factors affecting the quality of higher education: A study on Parasuraman, A., Zeithaml, V. A., & Berry, L. L. (1988).
selected private universities in Bangladesh. International SERVQUAL: A multiple item scale for measuring consumer
Journal of Information, Business and Management, 4, 3-12. perceptions of service quality. Journal of Retailing, 64, 12-40.
Hannigan T. (1997). Homesickness and acculturation stress in the Pariseau, S. E., & McDaniel, J. R. (1997). Assessing service qual-
international student, in M. A. K. Van Tiburg & A. J. J. M. ity in Schools of Business. International Journal of Quality &
Vingerhoets, (Eds.), Psychological Aspects of Geographic Reliability Management, 14, 204-218.
Movement (pp. 71-81). University of Tilburg Press, Tilburg. Rasli, A., Shekarchizadeh, A., & Iqbal, M. J. (2012). Perception
Hill, F. M. (1995). Managing service quality in higher education: of service quality in higher education: Perspective of Iranian
The role of the student as primary consumer. Quality Assurance students of Malaysian universities. International Journal of
in Education, 3, 10-21. Economics and Management, 6, 201-220.
Datta and Vardhan 9

Saravanan, R., & Rao, K. S. P. (2007). Measurement of service Yousapronpaiboon, K. (2014). SERVQUAL: Measuring higher
quality from the customers perspective: An empirical study. education service quality in Thailand. ProcediaSocial and
Total Quality Management, 18, 435-449. Behavioral Sciences, 116, 1088-1095.
AVGA, L. (2013). Quality assurance of higher education in Yusof, N., Rahman, F., Jamil, M., & Iranmanesh, M. (2014).
terms of the national education performance and competi- Measuring the quality of ecotourism services: Case study-
tiveness growth. Economy Transdisciplinarity Cognition, 16, based model validation. SAGE Open.
43-48. Zammuto, R. F., Keaveney, S. M., & OConnor, E. J. (1996).
Schertzer, C. B., & Schertzer, S. M. B. (2004). Student satisfaction Rethinking student services: Assessing and improving ser-
and retention: A conceptual model. Journal of Marketing for vice quality. Journal of Marketing in Higher Education, 7,
Higher Education, 14, 79-91. 45-69.
Sherry, C., Bhat, R., Beaver, B., & Ling, A. (2004). Students as cus- Zeithaml, V. A., Parasuraman, A., & Berry, L. L. (1990). Delivering
tomers: The expectations and perceptions of local and inter- quality service - balancing customer perceptions and expecta-
national students. Retrieved from tions. New York, NY: The Free Press.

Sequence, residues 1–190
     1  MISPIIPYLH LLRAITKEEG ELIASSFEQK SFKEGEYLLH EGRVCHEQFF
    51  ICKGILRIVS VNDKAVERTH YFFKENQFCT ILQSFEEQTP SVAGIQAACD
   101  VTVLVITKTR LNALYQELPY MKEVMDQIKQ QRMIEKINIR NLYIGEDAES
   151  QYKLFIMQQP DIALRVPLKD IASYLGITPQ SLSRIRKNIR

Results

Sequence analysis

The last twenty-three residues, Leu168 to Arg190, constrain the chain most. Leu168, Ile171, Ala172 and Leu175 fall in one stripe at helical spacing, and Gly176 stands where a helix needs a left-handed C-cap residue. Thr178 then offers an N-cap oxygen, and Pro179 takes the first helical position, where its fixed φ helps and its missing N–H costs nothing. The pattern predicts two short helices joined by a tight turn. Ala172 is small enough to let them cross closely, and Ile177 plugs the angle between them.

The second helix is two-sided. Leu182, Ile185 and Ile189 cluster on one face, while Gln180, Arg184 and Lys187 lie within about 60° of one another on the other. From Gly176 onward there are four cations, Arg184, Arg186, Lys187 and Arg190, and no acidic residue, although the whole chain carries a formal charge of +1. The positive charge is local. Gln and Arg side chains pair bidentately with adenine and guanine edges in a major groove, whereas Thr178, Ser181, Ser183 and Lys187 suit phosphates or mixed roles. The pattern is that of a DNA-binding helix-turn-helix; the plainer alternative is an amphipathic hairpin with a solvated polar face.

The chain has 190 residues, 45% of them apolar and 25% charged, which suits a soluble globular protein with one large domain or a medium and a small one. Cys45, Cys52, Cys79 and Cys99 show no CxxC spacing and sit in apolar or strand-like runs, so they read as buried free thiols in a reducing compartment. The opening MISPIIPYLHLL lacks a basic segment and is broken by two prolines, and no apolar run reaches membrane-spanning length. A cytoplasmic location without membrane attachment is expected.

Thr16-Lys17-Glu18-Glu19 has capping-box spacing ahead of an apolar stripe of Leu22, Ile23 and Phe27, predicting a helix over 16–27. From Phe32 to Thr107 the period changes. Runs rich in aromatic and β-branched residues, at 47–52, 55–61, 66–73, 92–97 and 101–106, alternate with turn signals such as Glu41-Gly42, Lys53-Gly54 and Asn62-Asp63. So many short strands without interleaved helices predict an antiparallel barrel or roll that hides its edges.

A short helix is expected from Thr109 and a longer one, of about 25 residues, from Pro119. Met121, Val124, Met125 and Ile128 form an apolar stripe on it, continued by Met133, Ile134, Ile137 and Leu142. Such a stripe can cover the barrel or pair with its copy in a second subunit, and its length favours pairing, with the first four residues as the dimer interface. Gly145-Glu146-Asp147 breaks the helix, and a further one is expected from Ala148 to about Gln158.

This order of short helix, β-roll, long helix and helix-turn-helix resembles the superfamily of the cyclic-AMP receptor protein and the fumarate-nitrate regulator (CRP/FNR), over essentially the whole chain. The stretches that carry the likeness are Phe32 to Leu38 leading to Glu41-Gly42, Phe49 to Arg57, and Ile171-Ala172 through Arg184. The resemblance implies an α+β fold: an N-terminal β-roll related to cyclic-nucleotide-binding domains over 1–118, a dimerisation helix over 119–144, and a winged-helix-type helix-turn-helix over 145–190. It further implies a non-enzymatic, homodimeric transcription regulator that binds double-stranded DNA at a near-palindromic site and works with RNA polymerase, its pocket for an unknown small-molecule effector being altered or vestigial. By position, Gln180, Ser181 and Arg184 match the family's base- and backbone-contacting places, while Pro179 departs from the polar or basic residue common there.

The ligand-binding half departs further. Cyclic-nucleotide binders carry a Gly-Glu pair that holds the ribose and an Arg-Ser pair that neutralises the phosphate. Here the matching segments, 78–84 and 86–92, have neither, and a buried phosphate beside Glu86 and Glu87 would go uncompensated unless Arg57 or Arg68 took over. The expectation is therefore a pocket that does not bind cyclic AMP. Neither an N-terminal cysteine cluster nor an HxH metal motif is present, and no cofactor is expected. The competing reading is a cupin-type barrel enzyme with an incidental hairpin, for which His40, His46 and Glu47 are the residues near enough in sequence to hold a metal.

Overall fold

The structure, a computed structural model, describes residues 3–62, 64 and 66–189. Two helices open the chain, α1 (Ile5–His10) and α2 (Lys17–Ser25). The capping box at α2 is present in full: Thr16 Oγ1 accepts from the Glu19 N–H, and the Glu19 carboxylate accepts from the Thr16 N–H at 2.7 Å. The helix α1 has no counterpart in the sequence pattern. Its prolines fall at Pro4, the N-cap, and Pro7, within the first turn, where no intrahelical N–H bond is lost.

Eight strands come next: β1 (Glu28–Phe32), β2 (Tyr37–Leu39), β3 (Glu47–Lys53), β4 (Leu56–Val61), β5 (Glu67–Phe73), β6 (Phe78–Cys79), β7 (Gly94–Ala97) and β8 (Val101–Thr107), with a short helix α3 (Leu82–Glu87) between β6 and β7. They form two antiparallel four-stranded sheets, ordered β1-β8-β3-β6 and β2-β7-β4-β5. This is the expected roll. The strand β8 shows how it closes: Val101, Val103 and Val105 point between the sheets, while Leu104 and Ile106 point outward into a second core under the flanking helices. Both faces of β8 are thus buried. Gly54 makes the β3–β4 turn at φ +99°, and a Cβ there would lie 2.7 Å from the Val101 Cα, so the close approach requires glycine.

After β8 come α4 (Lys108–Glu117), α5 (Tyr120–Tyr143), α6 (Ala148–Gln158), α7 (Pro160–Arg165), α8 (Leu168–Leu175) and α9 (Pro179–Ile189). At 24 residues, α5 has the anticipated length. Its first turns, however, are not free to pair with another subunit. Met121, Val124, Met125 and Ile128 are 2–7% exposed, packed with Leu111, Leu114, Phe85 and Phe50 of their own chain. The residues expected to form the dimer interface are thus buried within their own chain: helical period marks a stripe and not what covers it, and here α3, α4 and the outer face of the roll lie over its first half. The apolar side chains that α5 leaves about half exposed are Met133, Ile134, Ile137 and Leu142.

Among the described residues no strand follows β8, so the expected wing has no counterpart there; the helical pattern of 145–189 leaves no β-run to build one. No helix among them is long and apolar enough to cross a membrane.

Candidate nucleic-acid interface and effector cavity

my/Contributions/RPapers/P017-jt.pdf Zeshan, A., Afridi, T., & Khan, S. M. (2010, December 6-8).
Stasiak-Betlejewska, R., Kaye, M., Dyason, M., Stachov, K., & Assessing service quality in business schools: Implications for
Urbancov, H. (2014). The services quality level assessment improvement. The 3rd International Conference on Assessing
at the technical university using the SERVQUAL method. Quality in Higher Education, Lahore, Pakistan, pp. 220-232.
Journal on Efficiency and Responsibility in Education and
Science, 7, 53-58. doi:10.7160/eriesj.2014.070302 Author Biographies
Tilak, J. G. B. (2011). Trade in higher education: The role of the
Khyati Shetty is an educationist, executive coach, innovation facil-
General Agreement on Trade in Services (GATS). Paris, France:
itator and a faculty in Manipal University Dubai Campus. She has
UNESCO: International Institute for Educational Planning.
over seven years experience in the area of corporate strategy, mar-
UAE Interact. (2015). Retrieved from
ket potential estimation and branding. Her areas of research are
branding, services marketing and behavioral psychology. She can
Vardhan, J., & Shahul Hameed, G. (2012). Transition of higher
be contacted at
education system in UAE: An internationalisation perspec-
tive. International Journal of Arab Culture, Management and Julie Vardhan is an educationist in the field of Management since
Sustainable Development, 2, 292-308. more than a decade. Her research interests are in the areas of entre-
Wiers-Jenssen, J., Stensaker, B., & Grogaard, J. B. (2002). Student preneurship, higher education, and marketing and is passionate
satisfaction: Towards an empirical deconstruction of the con- about bringing in entrepreneurial spirit among the youth. She can be
cept. Quality in Higher Education, 8, 183-195. contacted at